A Costa Rican will be the first Central American to receive an artificial cornea transplant next week, when doctors here perform an operation previously done only in Australia, the United States and Europe.
Ophthalmologist Claudio Orlich will be the first doctor in Costa Rica to perform the surgery, which was carried out for the first time four years ago in Australia and approved by the U.S. Food and Drug Administration (FDA) two years ago.
An artificial cornea transplant is an option for patients who show a high risk of rejecting a human cornea transplant, Orlich explained.
The artificial cornea is a disk made of a special type of acrylic biocompatible with the eye invented by Australian scientists, who so far have had excellent results with the surgery.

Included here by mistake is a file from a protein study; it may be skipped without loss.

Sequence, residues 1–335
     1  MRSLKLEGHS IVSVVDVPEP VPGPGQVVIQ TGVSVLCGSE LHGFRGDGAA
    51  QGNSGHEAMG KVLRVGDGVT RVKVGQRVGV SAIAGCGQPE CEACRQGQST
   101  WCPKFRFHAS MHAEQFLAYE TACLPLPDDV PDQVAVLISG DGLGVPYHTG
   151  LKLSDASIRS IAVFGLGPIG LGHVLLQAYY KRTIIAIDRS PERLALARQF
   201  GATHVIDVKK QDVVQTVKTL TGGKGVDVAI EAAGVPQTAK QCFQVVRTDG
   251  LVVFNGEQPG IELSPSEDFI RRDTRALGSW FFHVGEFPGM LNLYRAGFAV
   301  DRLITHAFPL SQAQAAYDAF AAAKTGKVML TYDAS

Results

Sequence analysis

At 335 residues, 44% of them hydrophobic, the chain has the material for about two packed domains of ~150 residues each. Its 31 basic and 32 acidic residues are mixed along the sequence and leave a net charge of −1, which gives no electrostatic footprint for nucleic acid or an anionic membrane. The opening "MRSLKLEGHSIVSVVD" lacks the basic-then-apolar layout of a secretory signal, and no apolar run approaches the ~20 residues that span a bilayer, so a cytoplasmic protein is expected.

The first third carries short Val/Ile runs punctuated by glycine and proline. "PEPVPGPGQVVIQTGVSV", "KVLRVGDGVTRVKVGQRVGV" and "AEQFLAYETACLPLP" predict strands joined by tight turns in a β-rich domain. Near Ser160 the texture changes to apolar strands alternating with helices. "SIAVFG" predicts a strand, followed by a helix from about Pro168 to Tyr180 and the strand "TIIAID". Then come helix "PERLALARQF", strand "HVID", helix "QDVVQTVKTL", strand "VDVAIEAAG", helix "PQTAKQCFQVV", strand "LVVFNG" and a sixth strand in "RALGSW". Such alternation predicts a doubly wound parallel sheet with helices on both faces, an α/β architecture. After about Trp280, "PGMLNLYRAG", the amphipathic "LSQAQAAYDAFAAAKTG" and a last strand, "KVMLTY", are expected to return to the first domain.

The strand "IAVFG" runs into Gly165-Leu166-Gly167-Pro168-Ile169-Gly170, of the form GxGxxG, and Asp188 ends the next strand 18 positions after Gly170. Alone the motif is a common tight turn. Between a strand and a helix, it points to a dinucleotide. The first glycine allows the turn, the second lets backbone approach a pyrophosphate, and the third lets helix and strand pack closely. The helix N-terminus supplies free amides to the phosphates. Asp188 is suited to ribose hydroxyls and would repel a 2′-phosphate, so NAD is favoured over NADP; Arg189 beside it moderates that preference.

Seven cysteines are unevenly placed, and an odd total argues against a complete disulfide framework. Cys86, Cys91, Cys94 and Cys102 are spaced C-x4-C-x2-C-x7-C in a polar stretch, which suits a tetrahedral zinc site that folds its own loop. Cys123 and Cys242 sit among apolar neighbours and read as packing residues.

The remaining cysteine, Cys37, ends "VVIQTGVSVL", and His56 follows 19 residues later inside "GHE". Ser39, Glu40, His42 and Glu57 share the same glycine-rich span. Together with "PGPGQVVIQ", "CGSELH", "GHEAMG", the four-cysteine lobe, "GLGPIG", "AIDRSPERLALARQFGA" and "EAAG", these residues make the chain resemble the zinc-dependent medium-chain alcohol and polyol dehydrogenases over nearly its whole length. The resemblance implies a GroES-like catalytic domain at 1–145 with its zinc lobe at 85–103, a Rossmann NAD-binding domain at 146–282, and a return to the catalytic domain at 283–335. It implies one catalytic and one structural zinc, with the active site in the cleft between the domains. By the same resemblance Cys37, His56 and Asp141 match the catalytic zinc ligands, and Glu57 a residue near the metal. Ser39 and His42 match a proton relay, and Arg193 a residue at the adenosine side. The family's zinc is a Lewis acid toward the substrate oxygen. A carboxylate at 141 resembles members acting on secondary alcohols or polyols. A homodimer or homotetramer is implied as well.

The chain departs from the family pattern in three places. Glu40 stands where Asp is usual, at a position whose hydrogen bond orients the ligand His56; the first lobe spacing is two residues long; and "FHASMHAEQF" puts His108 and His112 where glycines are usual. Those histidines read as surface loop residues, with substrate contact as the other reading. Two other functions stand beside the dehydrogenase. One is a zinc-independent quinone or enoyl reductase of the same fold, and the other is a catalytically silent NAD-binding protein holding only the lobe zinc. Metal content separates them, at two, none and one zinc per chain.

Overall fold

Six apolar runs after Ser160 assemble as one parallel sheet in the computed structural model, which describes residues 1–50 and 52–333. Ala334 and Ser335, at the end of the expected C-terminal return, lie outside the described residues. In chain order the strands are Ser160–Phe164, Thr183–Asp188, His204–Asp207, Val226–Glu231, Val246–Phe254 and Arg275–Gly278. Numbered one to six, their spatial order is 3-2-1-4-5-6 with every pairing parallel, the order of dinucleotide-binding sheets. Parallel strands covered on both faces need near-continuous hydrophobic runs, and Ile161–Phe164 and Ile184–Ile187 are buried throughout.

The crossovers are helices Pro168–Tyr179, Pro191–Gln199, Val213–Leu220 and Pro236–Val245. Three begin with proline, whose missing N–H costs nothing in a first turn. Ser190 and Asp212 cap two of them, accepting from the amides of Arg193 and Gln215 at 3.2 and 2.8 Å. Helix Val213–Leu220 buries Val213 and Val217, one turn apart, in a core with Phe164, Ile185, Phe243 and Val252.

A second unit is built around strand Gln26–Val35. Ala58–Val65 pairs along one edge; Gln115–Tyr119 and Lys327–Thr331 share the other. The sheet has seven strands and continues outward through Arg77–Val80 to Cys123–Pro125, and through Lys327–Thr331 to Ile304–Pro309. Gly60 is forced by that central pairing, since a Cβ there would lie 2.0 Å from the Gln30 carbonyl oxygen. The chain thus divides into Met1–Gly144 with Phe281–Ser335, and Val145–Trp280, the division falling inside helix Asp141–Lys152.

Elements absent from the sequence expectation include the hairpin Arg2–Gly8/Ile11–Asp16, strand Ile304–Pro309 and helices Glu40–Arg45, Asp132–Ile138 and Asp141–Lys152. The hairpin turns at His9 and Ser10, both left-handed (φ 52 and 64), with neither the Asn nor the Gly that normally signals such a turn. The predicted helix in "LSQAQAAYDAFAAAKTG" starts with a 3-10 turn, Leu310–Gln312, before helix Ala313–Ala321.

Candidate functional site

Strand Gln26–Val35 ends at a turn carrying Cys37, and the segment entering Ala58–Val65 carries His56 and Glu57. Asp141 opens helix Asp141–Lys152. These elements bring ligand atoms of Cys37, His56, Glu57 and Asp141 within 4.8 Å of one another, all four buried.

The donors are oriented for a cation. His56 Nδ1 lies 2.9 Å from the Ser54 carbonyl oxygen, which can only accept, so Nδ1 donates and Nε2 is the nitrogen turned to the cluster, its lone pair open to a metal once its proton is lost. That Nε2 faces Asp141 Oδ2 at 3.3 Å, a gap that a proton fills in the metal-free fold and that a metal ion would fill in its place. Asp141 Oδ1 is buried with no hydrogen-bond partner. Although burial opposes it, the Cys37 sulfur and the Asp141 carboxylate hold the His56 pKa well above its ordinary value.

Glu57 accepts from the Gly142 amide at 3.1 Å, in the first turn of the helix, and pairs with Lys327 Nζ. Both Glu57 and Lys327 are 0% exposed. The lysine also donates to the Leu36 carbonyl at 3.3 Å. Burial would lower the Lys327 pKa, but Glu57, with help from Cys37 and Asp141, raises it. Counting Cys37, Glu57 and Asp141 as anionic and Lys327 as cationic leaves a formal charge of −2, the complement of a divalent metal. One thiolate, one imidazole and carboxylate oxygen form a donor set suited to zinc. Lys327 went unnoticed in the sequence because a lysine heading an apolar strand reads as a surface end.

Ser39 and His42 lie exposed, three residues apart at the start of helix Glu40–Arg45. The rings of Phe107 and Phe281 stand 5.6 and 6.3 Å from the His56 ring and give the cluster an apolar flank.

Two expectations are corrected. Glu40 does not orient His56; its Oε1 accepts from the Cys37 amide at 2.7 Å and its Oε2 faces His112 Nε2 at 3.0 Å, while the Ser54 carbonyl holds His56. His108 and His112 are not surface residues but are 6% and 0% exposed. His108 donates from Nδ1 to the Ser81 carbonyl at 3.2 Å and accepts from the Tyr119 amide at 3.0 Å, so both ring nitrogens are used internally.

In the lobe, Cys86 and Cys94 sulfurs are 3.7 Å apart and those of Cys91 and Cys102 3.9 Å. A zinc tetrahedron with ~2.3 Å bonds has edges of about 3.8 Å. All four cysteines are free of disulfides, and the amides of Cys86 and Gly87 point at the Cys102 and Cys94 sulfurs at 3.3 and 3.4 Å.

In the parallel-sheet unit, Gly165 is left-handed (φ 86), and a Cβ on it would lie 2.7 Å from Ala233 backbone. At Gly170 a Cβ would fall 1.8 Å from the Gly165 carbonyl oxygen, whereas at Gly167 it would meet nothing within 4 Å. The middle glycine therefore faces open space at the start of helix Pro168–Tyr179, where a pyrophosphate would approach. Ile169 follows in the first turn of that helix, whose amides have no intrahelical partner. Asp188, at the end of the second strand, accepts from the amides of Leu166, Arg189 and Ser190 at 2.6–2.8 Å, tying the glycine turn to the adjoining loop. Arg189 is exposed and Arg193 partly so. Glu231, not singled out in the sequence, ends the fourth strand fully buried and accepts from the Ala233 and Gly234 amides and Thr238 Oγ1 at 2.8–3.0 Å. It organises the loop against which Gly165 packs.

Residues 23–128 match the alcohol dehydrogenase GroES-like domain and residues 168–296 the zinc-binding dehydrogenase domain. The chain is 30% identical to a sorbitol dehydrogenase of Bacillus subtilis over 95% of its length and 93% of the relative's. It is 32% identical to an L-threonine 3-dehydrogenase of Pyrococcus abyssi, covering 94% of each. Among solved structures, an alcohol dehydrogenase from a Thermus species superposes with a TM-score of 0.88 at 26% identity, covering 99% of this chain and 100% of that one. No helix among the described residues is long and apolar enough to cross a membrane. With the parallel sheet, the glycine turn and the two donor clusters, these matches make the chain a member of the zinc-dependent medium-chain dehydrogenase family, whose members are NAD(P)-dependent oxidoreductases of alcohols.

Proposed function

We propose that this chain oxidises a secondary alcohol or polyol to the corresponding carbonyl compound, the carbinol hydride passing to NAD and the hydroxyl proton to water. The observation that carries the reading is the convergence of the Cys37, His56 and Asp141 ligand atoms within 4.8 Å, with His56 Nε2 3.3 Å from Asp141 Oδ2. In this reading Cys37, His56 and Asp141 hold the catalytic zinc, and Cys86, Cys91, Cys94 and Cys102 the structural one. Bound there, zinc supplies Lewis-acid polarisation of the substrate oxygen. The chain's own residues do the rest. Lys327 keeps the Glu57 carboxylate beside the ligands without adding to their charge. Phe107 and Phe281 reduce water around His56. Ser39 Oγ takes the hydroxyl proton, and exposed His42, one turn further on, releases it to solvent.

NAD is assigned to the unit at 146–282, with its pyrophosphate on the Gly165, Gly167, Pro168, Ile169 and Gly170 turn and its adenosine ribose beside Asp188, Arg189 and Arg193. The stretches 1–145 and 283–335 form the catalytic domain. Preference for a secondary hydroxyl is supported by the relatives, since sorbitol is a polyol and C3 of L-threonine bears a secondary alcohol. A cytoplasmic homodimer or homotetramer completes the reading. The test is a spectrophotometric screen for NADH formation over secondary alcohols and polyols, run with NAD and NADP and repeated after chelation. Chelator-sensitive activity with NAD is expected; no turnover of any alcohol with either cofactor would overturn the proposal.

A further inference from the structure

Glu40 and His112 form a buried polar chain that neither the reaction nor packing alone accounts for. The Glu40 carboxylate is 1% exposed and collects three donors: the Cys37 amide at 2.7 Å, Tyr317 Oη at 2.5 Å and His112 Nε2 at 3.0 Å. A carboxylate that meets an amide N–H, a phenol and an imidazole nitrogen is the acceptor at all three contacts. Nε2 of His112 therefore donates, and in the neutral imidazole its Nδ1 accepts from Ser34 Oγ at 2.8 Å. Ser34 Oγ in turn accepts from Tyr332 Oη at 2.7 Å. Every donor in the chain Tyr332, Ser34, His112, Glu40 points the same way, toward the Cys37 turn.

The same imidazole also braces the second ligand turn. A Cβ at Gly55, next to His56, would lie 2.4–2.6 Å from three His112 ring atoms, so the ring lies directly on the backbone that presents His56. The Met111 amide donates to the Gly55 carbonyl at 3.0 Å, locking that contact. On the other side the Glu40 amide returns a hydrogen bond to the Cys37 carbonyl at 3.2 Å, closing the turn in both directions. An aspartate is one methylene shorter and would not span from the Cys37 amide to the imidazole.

The cornea is the eye’s primary lens. It is transparent, located in front of the iris, and responsible for 75% of vision. An estimated 15 million people in the world are blind because of diseases of the cornea.
In Costa Rica, about 150 human cornea transplants are performed each year, and 100,000 are performed worldwide.
The artificial cornea transplant operation is relatively simple, Orlich explained; the patient can return to his or her home the same day.
The artificial cornea, manufactured by the Australian company CooperVision Surgical, costs $3,000 in Latin America and $7,000 in Europe and the United States.